MANY aspects of Princess Diana’s life are well-known from her troubled marriage to her battle with bulimia.
But Princess Diana also battled terrible morning sickness while pregnant with her first child, Prince William, which was so bad that nearly every time she stood up “she was sick”.
Millions watched her wedding to Prince Charles in July 1982, and by October that year she was pregnant.
In a book by Andrew Morton, Diana, Her True Story in Her Own Words, she details her battle with the condition.
The mum-of-two said: “Very, very difficult pregnancy indeed.
“Sick the whole time, bulimia and morning sickness.”
She refused to take any pills because she didn’t want to harm her unborn child, as the new Princess of Wales tried to settle into royal duties.
The book says: “Every time at Balmoral, Sandringham or Windsor, in my evening dress I had to go out I either fainted or was sick.
“It was so embarrassing because I didn’t know anything because I hadn’t read my books, but I knew it was morning sickness because you just do.”
Princess Diana later revealed that her morning sickness wasn’t so bad with Prince Harry, unlike Kate Middleton who suffered severe morning sickness with all three of her children.
The Duchess of Cambridge suffers from Hyperemesis Gravidarum, which was so severe she was hospitalised while carrying her first, Prince George.
It also forced the couple to announce the pregnancy before the usual 12-week mark.
Meanwhile, for Diana, her accounts suggest she also suffered badly.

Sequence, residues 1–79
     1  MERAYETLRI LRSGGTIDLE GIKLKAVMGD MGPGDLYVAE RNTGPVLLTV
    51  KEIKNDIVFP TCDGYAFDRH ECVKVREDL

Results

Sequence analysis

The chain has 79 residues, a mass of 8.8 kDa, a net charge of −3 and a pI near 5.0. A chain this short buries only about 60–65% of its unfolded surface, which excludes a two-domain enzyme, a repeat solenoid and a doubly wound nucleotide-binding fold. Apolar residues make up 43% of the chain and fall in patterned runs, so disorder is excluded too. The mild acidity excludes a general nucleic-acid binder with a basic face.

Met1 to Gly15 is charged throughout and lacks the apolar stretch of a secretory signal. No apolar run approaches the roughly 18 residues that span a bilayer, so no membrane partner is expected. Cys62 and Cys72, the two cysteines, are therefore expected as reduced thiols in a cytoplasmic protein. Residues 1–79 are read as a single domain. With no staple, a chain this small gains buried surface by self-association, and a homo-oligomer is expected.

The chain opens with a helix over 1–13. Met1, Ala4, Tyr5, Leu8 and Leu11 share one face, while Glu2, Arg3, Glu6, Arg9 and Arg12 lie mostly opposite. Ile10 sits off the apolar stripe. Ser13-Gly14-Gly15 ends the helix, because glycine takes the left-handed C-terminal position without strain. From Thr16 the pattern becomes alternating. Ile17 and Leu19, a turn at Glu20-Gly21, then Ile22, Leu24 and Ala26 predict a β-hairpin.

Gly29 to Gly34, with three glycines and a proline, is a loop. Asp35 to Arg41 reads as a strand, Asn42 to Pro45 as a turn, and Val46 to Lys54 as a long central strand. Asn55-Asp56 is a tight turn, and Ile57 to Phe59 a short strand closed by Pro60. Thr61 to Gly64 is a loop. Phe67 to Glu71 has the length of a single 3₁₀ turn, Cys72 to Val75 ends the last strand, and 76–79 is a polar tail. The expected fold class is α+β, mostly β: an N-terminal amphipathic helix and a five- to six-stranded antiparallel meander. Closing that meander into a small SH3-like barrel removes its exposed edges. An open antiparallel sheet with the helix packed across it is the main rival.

She said: “With William, it was appalling, almost every time I stood up I was sick.”
And it wasn’t just confined to the morning, with the Princess suffering it at all hours.
The book continues: “Suddenly in the middle of a black dress and black-tie do, I would go out to be sick and come back again…”
William was born on June 21 1983, after Princess Diana was induced as she “couldn’t handle the press pressure any longer”.
But Princess Diana’s next set of troubles began: post-natal depression.
She said: “Came home and then postnatal depression hit me hard and it wasn’t much the baby that had produced it, it was the baby that triggered off all else that was going on in my mind.
“Boy, was I troubled.”
While mental health is a much talked about subject today – with Princes William, Harry and Duchess Kate championing it – it was talked about less frequently in the 1980s.
The NHS says postnatal depression affects one in 10 women within a year of giving birth.
Their website states: “It’s important to seek help as soon as possible if you think you might be depressed, as your symptoms could last months or get worse and have a significant impact on you, your baby and your family.”
The ‘baby blues’ is feeling down, tearful and anxious in the first week or so after giving birth, but it shouldn’t persist after this, and if it does you may have postnatal depression.
Similarly, while Diana claimed she was first one “in the family” to suffer with morning sickness, The Duchess of Cambridge’s battles are well-documented.
Her condition led to Hyperemesis Gravidarum becoming more well-known, and numerous women came forward with their own stories of dealing with the severe sickness.
MOST READ IN PARENTING
This is the bizarre reason Prince Charles always looked taller than Princess Diana in pictures.
And in their divorce Princess Diana ‘took Prince Charles to the cleaners’ in settlement worth a reported £17.5m.
Princess Diana was ‘throwing up’ and ‘in tears’ the day before she married Prince Charles… while he questioned if ‘it’s possible to love two women’.